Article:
“I really don’t know whether we’ll be printing The Times in five years, and you know what? I don’t care either,” New York Times chairman Arthur Sulzberger told a reporter for the Israeli daily Ha’aretz in early 2007.
And with those two sentences, the blogosphere exploded. New media millenials praised Salzburger’s foresight and acceptance as the man himself backtracked, adding his “heartfelt view that newspapers will be around–in print–for a long time.”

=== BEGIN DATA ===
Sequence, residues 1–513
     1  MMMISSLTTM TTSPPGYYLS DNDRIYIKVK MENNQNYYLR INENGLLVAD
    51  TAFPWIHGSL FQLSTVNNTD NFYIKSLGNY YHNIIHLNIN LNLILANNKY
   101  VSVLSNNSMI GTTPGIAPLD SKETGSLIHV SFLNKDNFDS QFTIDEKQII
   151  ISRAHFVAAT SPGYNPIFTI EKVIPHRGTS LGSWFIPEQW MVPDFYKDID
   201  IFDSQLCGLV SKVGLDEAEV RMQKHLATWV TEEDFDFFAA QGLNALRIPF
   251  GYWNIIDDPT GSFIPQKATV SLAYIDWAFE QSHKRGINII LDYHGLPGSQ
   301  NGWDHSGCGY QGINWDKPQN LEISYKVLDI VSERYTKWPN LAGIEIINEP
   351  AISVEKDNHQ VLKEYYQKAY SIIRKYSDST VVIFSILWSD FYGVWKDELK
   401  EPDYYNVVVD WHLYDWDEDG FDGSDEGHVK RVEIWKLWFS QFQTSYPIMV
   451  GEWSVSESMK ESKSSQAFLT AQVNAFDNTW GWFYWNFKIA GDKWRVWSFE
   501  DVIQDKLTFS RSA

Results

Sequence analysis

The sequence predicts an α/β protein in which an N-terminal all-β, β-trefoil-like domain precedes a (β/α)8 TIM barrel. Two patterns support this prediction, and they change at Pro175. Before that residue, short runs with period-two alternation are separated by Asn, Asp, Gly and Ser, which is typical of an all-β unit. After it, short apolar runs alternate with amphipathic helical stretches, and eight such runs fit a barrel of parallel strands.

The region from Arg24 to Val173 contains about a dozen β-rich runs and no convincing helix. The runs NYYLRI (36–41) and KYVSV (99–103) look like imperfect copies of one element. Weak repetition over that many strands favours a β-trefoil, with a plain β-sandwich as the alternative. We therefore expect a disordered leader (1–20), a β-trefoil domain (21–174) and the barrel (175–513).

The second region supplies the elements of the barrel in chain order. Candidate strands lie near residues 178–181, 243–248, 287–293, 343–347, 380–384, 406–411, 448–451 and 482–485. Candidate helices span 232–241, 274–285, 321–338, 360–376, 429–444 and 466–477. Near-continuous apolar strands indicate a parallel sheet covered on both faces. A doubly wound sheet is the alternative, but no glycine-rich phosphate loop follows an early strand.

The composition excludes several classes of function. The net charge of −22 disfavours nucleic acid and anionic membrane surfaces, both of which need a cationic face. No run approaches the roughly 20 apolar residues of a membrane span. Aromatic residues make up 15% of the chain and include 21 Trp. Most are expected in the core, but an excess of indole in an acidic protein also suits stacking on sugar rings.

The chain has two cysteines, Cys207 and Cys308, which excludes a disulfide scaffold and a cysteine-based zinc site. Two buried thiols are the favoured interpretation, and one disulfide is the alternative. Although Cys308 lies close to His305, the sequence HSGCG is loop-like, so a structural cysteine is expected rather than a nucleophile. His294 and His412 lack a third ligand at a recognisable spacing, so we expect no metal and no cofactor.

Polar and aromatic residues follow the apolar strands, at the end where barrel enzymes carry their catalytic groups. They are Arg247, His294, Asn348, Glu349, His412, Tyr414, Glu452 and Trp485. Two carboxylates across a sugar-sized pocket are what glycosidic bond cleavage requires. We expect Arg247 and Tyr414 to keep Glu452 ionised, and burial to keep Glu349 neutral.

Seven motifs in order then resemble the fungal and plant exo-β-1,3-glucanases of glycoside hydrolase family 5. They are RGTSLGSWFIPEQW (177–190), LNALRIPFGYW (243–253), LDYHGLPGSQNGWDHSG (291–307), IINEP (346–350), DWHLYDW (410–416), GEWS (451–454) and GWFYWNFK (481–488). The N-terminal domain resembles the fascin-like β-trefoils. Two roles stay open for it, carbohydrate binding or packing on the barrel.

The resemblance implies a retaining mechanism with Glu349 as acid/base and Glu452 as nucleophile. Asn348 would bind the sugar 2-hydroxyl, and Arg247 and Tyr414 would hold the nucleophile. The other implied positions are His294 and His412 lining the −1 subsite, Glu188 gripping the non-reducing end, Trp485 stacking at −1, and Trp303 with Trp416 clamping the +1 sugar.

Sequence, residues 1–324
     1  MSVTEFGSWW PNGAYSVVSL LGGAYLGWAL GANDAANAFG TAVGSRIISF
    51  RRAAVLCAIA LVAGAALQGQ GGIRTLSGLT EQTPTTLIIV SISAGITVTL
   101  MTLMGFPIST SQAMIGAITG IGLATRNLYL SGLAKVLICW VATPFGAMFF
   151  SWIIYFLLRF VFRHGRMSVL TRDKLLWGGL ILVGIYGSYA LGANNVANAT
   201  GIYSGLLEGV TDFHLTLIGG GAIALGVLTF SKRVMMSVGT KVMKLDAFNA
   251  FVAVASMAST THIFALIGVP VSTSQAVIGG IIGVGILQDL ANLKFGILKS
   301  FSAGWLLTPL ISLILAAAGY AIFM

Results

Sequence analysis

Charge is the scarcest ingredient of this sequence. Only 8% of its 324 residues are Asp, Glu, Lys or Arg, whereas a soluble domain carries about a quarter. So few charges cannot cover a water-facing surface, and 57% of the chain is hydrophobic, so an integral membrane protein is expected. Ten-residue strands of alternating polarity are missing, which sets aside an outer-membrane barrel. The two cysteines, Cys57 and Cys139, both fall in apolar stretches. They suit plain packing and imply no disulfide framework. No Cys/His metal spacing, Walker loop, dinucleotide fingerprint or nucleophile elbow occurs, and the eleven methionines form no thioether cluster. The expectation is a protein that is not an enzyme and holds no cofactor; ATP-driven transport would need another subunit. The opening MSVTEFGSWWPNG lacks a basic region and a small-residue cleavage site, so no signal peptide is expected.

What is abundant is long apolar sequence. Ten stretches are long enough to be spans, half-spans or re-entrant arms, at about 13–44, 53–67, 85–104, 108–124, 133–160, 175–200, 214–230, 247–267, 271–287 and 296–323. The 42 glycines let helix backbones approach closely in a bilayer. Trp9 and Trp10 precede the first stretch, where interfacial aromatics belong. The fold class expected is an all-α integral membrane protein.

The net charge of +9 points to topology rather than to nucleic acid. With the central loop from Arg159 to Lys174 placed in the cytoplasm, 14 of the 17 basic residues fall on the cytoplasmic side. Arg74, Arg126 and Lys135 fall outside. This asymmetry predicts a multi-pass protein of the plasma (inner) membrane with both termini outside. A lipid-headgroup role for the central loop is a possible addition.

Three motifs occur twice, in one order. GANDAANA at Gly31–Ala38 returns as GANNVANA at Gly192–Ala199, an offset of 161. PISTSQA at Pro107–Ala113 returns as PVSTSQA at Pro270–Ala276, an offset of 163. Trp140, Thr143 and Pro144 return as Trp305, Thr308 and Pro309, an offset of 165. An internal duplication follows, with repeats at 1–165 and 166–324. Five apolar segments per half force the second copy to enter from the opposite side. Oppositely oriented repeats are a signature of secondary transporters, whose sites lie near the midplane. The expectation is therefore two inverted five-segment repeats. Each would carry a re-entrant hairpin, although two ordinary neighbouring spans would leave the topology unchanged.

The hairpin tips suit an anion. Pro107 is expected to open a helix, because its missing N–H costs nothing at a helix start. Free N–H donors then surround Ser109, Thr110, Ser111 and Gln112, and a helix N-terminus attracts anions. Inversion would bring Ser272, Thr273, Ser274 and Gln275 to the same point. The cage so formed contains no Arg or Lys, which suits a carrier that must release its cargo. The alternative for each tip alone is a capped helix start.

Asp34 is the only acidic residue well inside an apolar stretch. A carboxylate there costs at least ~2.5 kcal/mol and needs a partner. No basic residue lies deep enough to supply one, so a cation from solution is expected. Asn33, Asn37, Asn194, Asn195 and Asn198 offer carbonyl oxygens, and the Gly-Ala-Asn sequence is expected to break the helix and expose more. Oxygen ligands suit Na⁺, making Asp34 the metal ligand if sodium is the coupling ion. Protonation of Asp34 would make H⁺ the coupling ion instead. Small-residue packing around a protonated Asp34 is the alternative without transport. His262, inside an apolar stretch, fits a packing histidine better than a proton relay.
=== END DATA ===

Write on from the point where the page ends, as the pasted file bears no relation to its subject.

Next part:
Less than two years later, 2012 is feeling pretty damn optimistic as the fancy house The Times built finds itself sitting on an increasingly precarious pile of debt already owed money money soon to be called in. 2008 earnings reports acknowledge $1.1billion in debt and a mere $42 million in the bank, a 10.6% drop in ad sales in spite of an 18.3% increase in online advertising revenue. More damningly still, $400 million of that fairly stunning debt is due this spring. Oops.